by SickPuppy

    Make up your own damned quip, brother

  • Jan. 23, 2006, 1:06 p.m. CST

    Mischief Monkey Named George? - This President Bush Bio Pic?

    by Quin the Eskimo

    OMG YOU ARE SO FUNNY!!! LOL!!!WTF!!! I assume you must have attended Oxford since you are intellectually superior t ograduates of Yale and Harvard

  • Jan. 23, 2006, 3:14 p.m. CST

    This should have been live-action.

    by Truth0ne

    With a real chimp and Will Ferrell in the big yellow hat.

  • Jan. 23, 2006, 3:39 p.m. CST

    Bi-Curious George

    by Bitterella

    Fuck Off, whoever shit this turd out. No one cares about a fucking 60's era monkey... The books were fun to learn how to read when I was 4 and that's it. Not a feature length movie. Arrrrrrrrrgh I have had it with movies. They are an absolute complete waste of time these days. They are a done medium, just being squeezed for every last cent before everything goes straight to DVD/HD-DVD/Holographic disk. Hollywood will die the death it deserves. Fuck you.

  • Jan. 23, 2006, 4:25 p.m. CST

    I'm going to take my unborn fetus to this movie...

    by jollysleeve

    ...And if he seems restless or disinterested, it means it's not a good movie.

  • Jan. 23, 2006, 4:25 p.m. CST

    Derek Smalls

    by LlGHTST0RMER

    Funny; that line stuck out in my mind, too. I think the reviewer was looking for juuuuust a little bit more from the film than he should've.

  • Jan. 23, 2006, 4:28 p.m. CST

    Quin the Eskimo: Not for nothin', dude, but...

    by LlGHTST0RMER

    My son is intellectually superior to that particular graduate of Yale and Harvard. And he's four months old. And drools.

  • Jan. 23, 2006, 6:17 p.m. CST

    The trailers to this were poison

    by jimmy_009

    I haven't seen a theater full of kids and adults so silent throughout a trailer of this sort in some time. This one is probably going to tank.

  • Jan. 23, 2006, 7:32 p.m. CST

    This review sound dead on

    by quadrupletree

    Exactly what every preview of this movie looks like to me. Kind of sad since i loved CG as a kid. I'm pretty sure I'll be skipping this.

  • Jan. 23, 2006, 9:44 p.m. CST

    Another childhood classic plundered by the Hollywood crap factor

    by covenant

    The Shat (um, Cat) in the Hat. How the Grinch Stole Christmas. (Maybe) Charlotte's Web (Julia Roberts?!? Jeez). Spielberg's Hook (somewhat redeemed by the more recent version of Peter Pan). Disney's recent Tuck Everlasting. Now Curious George. Hollywood should not be allowed to touch any more classic children's literature...betcha they somehow manage to screw up "Where the Wild Things Are," too. In their neverending pursuit of merchandising--such as the one TBer's kid with the handout from his kindergarten, soon to be followed by a Happy Meal, video games, toys, and an animated series. Just think about it: If the fucking bean counters in fucking Hollywood spent half the fucking time on plot and characterization that they fucking did on fucking merchandising and fucking tie-ins, they'd maybe make a half-decent fucking movie once in a while, instead of these fucking stillborn monstrosities. Sorry, I usually don't curse during these Talkbacks, but I'm tired of the Hollywood machine pillaging classic works in another effort to make a quick buck. I have a child in the movie's demographic range, and rest assured, he WON'T be seeing it. (Aside: At least they got Narnia (mostly) right)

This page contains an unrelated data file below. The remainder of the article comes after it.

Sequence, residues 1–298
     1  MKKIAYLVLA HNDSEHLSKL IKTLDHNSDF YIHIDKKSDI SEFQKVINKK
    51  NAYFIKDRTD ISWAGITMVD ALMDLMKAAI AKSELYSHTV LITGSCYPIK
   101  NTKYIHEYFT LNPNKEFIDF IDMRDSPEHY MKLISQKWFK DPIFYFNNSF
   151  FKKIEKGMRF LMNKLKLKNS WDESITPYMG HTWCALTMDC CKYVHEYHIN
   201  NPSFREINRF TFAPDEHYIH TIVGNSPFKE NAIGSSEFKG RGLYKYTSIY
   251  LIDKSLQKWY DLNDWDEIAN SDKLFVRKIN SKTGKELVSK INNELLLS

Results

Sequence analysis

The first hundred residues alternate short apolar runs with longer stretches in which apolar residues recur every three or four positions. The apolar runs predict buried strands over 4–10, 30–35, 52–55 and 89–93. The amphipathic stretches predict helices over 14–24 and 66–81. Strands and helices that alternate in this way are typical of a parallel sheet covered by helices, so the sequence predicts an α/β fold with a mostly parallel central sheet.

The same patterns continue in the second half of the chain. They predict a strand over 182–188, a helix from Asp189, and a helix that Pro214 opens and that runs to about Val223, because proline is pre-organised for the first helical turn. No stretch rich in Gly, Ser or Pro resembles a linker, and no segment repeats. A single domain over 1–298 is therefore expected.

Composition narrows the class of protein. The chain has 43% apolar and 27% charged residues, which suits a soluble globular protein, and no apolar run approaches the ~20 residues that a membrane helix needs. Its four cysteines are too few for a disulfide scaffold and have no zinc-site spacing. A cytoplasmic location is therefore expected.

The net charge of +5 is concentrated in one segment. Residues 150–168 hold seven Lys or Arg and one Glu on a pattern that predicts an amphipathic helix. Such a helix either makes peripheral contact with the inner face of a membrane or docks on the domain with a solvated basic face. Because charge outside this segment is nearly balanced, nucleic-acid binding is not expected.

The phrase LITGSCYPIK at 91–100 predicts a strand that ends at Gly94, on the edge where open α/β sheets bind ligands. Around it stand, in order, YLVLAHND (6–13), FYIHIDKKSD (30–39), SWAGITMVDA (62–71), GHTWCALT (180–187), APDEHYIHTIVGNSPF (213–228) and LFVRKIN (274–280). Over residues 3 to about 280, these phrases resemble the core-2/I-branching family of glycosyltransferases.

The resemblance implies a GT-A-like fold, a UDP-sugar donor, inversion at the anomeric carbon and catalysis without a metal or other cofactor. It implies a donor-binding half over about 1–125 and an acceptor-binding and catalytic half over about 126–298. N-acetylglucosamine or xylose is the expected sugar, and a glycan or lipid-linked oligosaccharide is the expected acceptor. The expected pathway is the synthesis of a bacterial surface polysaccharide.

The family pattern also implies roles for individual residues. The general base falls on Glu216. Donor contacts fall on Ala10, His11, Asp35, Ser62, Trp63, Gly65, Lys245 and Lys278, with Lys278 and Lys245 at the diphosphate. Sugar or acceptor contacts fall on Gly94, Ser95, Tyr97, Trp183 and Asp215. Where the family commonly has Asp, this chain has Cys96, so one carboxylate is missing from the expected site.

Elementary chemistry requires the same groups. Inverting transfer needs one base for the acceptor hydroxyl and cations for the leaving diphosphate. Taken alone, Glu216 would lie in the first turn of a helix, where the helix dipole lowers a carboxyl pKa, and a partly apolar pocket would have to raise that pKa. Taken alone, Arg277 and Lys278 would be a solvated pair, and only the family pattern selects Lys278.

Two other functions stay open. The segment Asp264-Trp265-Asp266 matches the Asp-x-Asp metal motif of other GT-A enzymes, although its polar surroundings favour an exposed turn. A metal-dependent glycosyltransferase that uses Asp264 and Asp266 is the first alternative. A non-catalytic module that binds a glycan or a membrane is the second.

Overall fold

• Jan. 23, 2006, 10:03 p.m. CST

    "Let's just say that my Curious George doll is no longer cur

    by Osmosis Jones

  • Jan. 23, 2006, 11:23 p.m. CST

    Redesigned CG?

    by MondoGundark

    I much rather would have seen them strictly adhere to the original look of the books. The redesigned C. George looks like an anime version. Forget that.

  • Jan. 24, 2006, 5:22 p.m. CST

    Yeah, Covenant, but if they totally stayed away from classic kid

    by LlGHTST0RMER

    ...there'd be no Narnia, no Harry Potter, and probably not a LOTR trilogy. Not that I'm saying they're "kids" books in the strictest sense, but I'm certain that the bigger studios looked at The Lord of the Rings as mere "kids books" before New Line plunked down a few $100 mil and they made a billion or so back. Of course, with Potter, they already knew the movies would make a mint seeing how kids were already making JK Rowling a VERY wealthy woman. But that's why they're doing this shit. It's like any other big Hollywood trend. One huge movie scores big (Star Wars in '77, X-Men in 2000) and then the studios raid their property vaults for anything that can capture that same market. Even Monty Python made a joke of it in "The Life Of Brian" by sticking in a complete non-sequitur "Space Alien" sequence because damn near EVERY movie after Star Wars was space-related. ("Moonraker," anyone?) That's all it is, man... a trend with no adherence to a works' original charm.